Latest posts by Monique Nelson (see all)
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Gluten is a mixture of proteins that are found in various types of grain, including wheat, barley, rye, oats and a few others.
Gluten-free eating plans were originally designed for people who suffer from celiac disease, which is a severe allergy to gluten. “Simply put, the immune system of a celiac reacts negatively to the presence of gluten in the diet causing damage to the inner lining of the small bowel which reduces the person’s ablility[sic] to absorb nutrients including: iron, folate, calcium, Vitamin D, protein, fat and other food compounds.” (Health Canada)
Over the years, doctors, nutritionists, dieticians and wellness guides began to recommend gluten-free diets to their clients who suffered from IBS, many of which saw improvements when following this type of eating plan.
These days, it is both a popular trend and an honest attempt by many to improve health. The question then becomes, is it more popular than healthy?
Approximately 1% of the population – and this is shown to be relatively standard around the world – suffers from celiac disease. This is not a negligible amount of people – it is certainly enough of a concern to be aware of and educated about the disease. But it is also not an overwhelming prevalence. If you have 100 friends, 1 of them might have celiac disease.
In contrast, in the USA, 23.5% of deaths are caused by heart disease. More than 23% of people DIE from heart disease, let alone the people who continue to live with this. That means if you have 4 friends, one of them is likely to DIE from heart disease. It is estimated that over 90% of women in the USA have at least one risk factor for heart disease. 90%!!!! (The Heart Foundation)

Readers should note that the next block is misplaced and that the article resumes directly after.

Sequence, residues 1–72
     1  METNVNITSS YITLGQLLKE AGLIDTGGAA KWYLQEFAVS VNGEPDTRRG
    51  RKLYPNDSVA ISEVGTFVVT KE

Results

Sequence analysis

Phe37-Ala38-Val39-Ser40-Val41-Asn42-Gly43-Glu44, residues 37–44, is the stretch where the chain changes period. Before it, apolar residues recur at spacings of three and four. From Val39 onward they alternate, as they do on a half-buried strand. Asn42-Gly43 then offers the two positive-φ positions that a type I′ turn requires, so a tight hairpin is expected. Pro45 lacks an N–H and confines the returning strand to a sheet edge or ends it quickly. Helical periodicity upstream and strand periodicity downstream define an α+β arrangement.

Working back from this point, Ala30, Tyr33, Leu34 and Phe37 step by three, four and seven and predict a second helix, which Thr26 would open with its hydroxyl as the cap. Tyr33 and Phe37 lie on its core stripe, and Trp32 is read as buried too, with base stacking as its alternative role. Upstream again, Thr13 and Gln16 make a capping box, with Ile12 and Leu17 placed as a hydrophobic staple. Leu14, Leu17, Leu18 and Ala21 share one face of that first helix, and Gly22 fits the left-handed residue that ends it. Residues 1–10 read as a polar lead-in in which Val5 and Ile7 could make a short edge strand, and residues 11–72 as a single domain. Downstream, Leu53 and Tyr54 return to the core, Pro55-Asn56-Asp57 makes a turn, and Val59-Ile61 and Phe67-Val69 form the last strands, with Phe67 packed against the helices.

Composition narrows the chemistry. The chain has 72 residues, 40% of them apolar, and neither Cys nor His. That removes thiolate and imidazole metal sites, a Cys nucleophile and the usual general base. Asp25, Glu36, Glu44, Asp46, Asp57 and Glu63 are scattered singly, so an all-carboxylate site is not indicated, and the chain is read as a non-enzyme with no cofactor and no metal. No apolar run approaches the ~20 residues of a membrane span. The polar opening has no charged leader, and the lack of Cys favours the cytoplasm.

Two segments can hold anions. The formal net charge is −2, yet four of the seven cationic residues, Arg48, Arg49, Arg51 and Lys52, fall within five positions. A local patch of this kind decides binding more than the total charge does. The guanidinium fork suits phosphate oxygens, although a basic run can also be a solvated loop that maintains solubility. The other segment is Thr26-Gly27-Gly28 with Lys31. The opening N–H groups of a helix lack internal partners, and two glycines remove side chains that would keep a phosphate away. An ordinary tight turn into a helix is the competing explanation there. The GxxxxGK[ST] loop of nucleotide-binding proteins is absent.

I don’t, in any way, want to downplay the serious nature of celiac disease, but I do want to impress upon you the reality of the situation – if you are going to worry about your food intake and how it relates to your health, you would be much better off focusing first on all the foods that have been proven to cause heart disease. Statistically speaking, you’re much more likely to be within the 90th percentile, than the 1%.
But, this is an article about Gluten, so let’s continue.
As mentioned previously, many professional health and wellness experts found that symptoms of IBS were reduced when their clients followed a gluten-free diet. If they didn’t have celiac disease, why would this have happened?
There are a few possibilities. Some people have sensitivities to gluten, so this could help. More likely, however, it was the type of gluten they were consuming – the food-like products that the gluten came packed inside – that was the problem. What I mean by this is that many food items that contain gluten are part of the Standard American Diet (SAD) and are horrifically bad for you, so if you removed them from your eating plan for any reason – gluten or otherwise – you will start to heal your body.
Fast food, for example – burgers, pasta, pizza, breads and processed meats – is almost always full of gluten, and therefore wouldn’t be welcome in a gluten-free diet. They are also frighteningly high in trans and saturated fats and empty carbs, and frighteningly low in any nutritional value. Removing these foods from your diet, whether or not you are sensitive to gluten, is a very good idea.